10. Any other message?
Chris: I’m a strong advocate for the mountains being there for everyone. It’s just a matter of building up the knowledge, skills and experience - and that is all part of the fun and adventure – choose your mountains having regard to what stage you are at, which mountain will provide you with a fun experience, and have the right team around you, as required. So long as you are climbing safely and responsibly, having fun and having regard to protecting the environment then why not enjoy the mountains?

Chris Burke is an Australian/NZ mountaineer currently based in Sydney and Kathmandu. She has completed the Seven Summits and has climbed five eight-thousanders, so far.

In 2013, Chris along with Lakpa Sherpa (Himalayan Ascent) became one of only a small handful of people in the world to reach the summit of 4 x 8000m peaks in a 12-month period.  Of dual nationality, she is the first Australian or NZ woman to reach the summit of the 4th highest peak in the world (Lhotse), and to complete the ‘Gasherbrums double’ in Pakistan.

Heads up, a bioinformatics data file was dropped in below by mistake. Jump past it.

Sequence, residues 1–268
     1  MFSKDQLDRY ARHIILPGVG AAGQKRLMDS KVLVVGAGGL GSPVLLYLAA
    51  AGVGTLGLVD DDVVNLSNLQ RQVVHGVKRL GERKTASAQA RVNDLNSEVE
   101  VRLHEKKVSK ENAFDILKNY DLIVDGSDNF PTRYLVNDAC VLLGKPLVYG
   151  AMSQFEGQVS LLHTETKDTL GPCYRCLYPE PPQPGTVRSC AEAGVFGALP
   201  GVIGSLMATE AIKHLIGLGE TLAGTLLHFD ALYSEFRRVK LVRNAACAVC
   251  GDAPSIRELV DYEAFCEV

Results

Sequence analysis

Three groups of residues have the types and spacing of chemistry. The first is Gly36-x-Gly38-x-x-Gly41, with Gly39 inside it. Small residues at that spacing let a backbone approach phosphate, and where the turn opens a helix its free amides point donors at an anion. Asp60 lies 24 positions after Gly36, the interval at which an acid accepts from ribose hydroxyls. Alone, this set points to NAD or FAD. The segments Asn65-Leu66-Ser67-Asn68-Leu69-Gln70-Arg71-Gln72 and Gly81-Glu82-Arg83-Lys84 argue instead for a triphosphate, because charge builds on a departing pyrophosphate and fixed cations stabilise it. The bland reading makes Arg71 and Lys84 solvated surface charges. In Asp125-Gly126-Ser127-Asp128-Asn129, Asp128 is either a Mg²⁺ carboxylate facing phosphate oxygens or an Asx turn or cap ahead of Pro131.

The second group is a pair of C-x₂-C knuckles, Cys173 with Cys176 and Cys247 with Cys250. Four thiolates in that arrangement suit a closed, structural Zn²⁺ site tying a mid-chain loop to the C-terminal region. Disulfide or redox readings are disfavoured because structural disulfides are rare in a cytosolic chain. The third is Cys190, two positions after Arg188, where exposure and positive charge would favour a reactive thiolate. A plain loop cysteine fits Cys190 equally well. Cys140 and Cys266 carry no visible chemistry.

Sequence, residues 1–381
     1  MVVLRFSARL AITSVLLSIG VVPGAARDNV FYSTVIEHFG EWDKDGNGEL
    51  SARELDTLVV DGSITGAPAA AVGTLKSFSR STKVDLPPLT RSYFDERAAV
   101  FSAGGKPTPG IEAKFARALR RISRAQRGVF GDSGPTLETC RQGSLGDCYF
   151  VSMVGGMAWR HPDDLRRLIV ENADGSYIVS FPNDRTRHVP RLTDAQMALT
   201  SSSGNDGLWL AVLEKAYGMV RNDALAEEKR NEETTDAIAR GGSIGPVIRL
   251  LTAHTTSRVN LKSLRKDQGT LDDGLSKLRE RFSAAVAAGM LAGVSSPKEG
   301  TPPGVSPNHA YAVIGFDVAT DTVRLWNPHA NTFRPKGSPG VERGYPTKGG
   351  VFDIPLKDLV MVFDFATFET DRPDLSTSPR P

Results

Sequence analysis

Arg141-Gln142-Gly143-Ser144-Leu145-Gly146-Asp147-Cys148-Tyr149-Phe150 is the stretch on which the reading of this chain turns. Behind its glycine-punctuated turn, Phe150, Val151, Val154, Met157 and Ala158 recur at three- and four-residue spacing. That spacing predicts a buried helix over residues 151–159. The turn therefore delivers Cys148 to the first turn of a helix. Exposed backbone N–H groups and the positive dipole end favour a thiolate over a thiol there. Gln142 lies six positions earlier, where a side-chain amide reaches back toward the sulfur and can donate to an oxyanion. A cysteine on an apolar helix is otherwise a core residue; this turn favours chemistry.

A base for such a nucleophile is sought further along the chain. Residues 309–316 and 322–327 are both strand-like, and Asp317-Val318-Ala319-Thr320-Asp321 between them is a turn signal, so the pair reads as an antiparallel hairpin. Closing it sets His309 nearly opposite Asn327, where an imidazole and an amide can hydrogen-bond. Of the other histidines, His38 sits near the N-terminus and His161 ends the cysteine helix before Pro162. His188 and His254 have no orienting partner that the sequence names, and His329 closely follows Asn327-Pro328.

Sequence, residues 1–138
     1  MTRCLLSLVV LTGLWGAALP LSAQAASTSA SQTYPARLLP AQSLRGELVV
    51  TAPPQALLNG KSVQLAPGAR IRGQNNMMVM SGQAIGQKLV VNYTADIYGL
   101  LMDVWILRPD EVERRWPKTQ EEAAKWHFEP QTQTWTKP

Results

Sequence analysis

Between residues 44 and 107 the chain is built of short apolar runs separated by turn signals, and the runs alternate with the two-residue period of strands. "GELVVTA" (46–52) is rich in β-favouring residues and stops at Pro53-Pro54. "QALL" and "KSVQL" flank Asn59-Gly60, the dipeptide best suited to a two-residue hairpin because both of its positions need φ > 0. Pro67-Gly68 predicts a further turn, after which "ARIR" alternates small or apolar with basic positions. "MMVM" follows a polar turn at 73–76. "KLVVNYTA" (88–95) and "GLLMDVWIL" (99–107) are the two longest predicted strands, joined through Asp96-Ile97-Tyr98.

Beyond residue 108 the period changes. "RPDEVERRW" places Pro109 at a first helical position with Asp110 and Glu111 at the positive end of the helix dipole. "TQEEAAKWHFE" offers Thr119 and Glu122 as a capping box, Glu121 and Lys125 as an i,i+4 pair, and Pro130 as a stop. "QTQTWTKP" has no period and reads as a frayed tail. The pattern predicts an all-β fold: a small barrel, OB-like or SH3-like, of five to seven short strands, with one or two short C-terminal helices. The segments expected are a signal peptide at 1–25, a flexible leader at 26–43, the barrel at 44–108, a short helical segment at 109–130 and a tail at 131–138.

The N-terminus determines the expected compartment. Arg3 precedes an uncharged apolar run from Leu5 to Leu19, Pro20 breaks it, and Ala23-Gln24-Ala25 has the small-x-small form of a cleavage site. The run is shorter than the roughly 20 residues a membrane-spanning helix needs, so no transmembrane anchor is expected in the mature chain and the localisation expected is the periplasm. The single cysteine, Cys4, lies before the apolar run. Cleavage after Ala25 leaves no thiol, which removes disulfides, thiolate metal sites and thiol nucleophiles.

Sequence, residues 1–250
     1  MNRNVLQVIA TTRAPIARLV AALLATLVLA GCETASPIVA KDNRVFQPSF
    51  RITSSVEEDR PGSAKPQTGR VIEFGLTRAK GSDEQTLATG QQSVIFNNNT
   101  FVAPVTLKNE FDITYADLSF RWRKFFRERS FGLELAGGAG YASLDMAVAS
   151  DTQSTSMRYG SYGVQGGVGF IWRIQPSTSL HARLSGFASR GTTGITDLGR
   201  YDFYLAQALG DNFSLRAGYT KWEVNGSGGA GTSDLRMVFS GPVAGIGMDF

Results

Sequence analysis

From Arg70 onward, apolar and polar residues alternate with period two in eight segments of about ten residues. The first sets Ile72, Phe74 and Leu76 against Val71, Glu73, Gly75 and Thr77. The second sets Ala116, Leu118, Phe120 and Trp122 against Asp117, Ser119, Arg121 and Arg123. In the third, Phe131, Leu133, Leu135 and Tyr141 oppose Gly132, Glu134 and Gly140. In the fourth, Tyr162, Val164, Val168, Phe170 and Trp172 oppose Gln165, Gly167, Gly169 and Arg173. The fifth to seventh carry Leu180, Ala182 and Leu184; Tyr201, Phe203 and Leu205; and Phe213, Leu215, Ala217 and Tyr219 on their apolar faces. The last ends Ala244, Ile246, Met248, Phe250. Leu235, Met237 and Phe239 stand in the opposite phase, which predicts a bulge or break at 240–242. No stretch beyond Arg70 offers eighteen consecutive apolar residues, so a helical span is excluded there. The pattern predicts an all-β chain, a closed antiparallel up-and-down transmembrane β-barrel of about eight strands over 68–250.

She is also the first Australian or NZ woman to complete the Carstensz ‘7 Summits’ list and the 4th and 1st respectively to complete the Kosciuszko ‘7 Summits’ list.
Since 1998, Chris has climbed mountains in more than 12 countries, including reaching the summit of Mt Everest in 2011. Chris is passionate about mountaineering and for mountains to be open and accessible to all who wish to experience them.

She supports charitable endeavours in Nepal, including the Australian Himalayan Foundation. She is an ambassador for 2 Australian charities, the Eggtober Foundation and Streetwork.
 Chris' weblog: chrisjensenburke.com/blog/